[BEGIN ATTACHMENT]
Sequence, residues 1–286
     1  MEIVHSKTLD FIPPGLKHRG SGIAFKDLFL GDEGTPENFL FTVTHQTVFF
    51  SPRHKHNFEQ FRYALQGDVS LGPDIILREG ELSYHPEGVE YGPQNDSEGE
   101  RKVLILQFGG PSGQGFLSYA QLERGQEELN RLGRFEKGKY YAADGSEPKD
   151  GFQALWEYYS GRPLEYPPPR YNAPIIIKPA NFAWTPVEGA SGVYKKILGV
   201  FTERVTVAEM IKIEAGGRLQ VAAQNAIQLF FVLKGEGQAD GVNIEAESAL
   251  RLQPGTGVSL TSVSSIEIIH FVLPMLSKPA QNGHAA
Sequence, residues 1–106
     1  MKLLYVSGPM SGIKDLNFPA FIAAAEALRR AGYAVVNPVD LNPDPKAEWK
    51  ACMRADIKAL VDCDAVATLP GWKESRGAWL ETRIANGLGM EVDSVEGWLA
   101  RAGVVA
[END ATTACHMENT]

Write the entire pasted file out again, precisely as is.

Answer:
Sequence, residues 1–286
     1  MEIVHSKTLD FIPPGLKHRG SGIAFKDLFL GDEGTPENFL FTVTHQTVFF
    51  SPRHKHNFEQ FRYALQGDVS LGPDIILREG ELSYHPEGVE YGPQNDSEGE
   101  RKVLILQFGG PSGQGFLSYA QLERGQEELN RLGRFEKGKY YAADGSEPKD
   151  GFQALWEYYS GRPLEYPPPR YNAPIIIKPA NFAWTPVEGA SGVYKKILGV
   201  FTERVTVAEM IKIEAGGRLQ VAAQNAIQLF FVLKGEGQAD GVNIEAESAL
   251  RLQPGTGVSL TSVSSIEIIH FVLPMLSKPA QNGHAA
Sequence, residues 1–106
     1  MKLLYVSGPM SGIKDLNFPA FIAAAEALRR AGYAVVNPVD LNPDPKAEWK
    51  ACMRADIKAL VDCDAVATLP GWKESRGAWL ETRIANGLGM EVDSVEGWLA
   101  RAGVVA